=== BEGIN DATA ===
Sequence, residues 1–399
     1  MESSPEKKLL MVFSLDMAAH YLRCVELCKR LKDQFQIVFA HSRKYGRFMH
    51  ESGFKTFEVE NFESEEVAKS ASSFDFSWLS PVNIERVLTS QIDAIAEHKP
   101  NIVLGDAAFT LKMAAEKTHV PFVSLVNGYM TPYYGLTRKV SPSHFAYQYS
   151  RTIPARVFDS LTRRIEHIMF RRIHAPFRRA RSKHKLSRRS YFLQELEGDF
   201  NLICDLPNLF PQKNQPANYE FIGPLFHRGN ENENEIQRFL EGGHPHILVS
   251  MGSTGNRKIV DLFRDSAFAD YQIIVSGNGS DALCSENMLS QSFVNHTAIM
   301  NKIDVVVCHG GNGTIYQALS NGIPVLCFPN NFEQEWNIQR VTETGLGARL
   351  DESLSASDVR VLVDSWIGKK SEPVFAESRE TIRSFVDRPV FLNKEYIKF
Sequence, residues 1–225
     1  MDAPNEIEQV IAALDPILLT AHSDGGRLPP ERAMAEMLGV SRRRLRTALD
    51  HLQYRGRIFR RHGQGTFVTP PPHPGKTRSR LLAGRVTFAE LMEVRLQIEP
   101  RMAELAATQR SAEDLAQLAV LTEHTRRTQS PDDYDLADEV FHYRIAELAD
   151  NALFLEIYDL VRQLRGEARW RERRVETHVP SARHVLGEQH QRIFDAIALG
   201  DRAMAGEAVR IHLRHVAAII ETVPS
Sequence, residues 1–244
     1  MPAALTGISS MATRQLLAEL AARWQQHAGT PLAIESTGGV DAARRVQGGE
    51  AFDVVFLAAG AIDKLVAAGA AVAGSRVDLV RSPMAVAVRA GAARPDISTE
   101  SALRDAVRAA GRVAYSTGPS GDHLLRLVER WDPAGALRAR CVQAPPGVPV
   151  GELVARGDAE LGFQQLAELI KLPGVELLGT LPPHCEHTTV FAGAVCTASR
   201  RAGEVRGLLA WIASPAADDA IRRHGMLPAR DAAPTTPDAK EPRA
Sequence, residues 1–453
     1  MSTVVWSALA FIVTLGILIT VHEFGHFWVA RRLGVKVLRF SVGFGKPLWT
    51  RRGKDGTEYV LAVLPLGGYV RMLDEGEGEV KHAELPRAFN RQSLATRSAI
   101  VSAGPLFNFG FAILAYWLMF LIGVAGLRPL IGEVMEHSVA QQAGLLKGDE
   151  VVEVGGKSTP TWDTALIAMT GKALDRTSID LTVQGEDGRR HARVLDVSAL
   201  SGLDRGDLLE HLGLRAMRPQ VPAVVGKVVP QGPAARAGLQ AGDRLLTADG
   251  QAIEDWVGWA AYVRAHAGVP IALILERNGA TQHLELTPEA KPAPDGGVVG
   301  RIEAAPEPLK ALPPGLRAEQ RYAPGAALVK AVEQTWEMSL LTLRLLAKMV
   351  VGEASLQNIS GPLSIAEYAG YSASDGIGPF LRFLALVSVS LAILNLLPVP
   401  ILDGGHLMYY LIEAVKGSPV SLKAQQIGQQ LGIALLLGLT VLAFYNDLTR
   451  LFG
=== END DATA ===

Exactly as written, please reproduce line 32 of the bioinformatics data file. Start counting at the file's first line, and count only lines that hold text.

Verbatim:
   451  LFG